General Commentary ARTICLE
Commentary: “Nitric oxide releases Cl− from acidic organelles in retinal amacrine cells”
- Institute of Physiology, University Medical Center of the Johannes Gutenberg University, Mainz, Germany
by Krishnan, V., and Gleason, E. (2015). Front. Cell. Neurosci. 9:213. doi: 10.3389/fncel.2015.00213
In their recent article (Krishnan and Gleason, 2015) Vijai Krishnan and Evanna Gleason investigate the cellular mechanisms underlying the shift in the GABA reversal potential upon application of nitric oxide (NO). Functional alteration in GABAergic signaling by alterations in the GABA reversal potential has been identified as an important mechanism of plasticity (Raimondo et al., 2012) and NO is clearly one key substance involved in plasticity (Prast and Philippu, 2001). Therefore, the investigation of the mechanisms behind the NO induced shift in GABAergic effects is an important issue. However, in my opinion the authors neglected a possible explanation of their observations in the discussion section of their recent article.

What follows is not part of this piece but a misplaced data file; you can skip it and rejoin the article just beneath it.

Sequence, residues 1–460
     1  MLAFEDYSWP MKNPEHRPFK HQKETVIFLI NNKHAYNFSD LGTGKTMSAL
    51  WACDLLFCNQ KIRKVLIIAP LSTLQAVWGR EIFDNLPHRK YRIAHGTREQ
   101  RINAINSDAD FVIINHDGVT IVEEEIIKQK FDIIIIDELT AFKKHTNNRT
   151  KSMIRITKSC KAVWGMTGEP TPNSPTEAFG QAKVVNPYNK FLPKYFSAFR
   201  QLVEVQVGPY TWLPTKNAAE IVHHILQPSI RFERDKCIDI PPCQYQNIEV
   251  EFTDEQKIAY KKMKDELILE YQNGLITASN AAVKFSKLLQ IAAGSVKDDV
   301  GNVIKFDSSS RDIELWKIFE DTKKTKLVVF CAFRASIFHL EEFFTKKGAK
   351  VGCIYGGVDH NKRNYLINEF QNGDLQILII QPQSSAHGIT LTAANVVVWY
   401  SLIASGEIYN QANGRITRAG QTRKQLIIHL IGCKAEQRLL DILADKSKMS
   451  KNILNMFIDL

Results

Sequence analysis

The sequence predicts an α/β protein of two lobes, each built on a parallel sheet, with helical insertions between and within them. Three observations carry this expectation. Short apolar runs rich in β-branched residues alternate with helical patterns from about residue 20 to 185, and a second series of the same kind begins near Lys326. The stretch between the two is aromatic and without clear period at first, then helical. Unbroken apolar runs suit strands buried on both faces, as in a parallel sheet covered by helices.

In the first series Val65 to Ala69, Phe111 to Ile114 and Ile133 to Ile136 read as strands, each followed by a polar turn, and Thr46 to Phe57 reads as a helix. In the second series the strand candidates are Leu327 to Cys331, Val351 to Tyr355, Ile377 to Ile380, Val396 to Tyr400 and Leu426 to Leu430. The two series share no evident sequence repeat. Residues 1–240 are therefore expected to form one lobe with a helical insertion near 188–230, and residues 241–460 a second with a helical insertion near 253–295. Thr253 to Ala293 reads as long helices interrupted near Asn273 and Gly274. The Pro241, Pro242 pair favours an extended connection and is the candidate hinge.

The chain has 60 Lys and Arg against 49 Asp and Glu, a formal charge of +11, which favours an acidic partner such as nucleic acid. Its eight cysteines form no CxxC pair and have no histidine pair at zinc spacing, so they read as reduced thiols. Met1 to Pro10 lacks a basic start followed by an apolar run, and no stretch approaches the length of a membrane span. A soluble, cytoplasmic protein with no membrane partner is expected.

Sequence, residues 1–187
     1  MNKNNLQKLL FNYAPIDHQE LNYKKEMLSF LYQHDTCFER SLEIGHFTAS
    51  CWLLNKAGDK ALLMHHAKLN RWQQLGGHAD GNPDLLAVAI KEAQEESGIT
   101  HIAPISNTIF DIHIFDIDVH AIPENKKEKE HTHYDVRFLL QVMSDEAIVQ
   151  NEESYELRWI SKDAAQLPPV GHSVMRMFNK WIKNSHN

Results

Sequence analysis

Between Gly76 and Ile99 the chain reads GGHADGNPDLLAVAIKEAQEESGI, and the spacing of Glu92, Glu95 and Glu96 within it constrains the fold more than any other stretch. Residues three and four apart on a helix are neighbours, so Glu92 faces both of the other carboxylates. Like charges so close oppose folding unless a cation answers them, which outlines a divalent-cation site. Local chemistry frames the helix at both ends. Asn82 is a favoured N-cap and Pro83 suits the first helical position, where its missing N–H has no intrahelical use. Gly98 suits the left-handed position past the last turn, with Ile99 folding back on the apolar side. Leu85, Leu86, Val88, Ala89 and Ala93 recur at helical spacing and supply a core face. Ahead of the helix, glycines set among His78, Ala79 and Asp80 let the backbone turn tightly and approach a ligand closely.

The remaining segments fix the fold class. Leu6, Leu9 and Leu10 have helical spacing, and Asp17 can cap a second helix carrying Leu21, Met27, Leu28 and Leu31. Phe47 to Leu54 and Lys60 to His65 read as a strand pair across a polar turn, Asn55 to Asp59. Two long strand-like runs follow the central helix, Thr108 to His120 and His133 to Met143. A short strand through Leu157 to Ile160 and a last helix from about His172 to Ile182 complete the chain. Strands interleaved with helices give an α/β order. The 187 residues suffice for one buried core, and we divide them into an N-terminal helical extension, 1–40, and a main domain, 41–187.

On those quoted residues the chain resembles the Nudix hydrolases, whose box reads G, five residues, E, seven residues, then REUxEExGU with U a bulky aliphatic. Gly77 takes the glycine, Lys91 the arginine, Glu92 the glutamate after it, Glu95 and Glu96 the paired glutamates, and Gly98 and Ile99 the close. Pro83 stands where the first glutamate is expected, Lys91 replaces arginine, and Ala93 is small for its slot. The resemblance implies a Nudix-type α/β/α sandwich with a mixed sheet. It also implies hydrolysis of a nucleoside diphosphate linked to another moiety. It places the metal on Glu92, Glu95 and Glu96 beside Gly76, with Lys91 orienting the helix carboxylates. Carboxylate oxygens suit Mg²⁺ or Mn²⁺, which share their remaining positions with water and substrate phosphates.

The detailed investigation in the present article was based on the seminal observation by the same group that moderate concentrations of NO donors induced a slight increase in GABAA receptor mediated responses without affecting the reversal potential, while the application of a saturated NO solution (resulting in “hundreds of nanomolar to low micromolar” NO concentrations) led to a significant shift in the GABA reversal potential (Hoffpauir et al., 2006). The latter effect was independent of the soluble guanylate cyclase, which is elementary for the classical NO signaling pathway, and persisted in nominally Cl−-free extracellular solution, suggesting that NO may trigger a Cl− release from intracellular stores (Hoffpauir et al., 2006). Further experiments by the authors suggest that a NO-induced intracellular acidification triggers the release of Cl− from intracellular compartments (McMains and Gleason, 2011). In the present study they used nominally Cl−-free extracellular and intracellular (pipette-) solutions to “wash out both cytosolic and protein-bound Cl−” and thereby isolate Cl− stores “contained within an intracellular membrane-bound compartment” (Krishnan and Gleason, 2015). These experiments demonstrated that application of NO or NO-donors re-established GABAergic currents under nominally Cl−-free conditions, and that this effect was attenuated in the presence of the V-type ATPase inhibitor bafilomycin and was abolished by the uncoupling agent FCCP. From these experimental findings they came to the well supported conclusion, that acidic compartments are a possible source for the NO-induced increase in intracellular Cl− anions.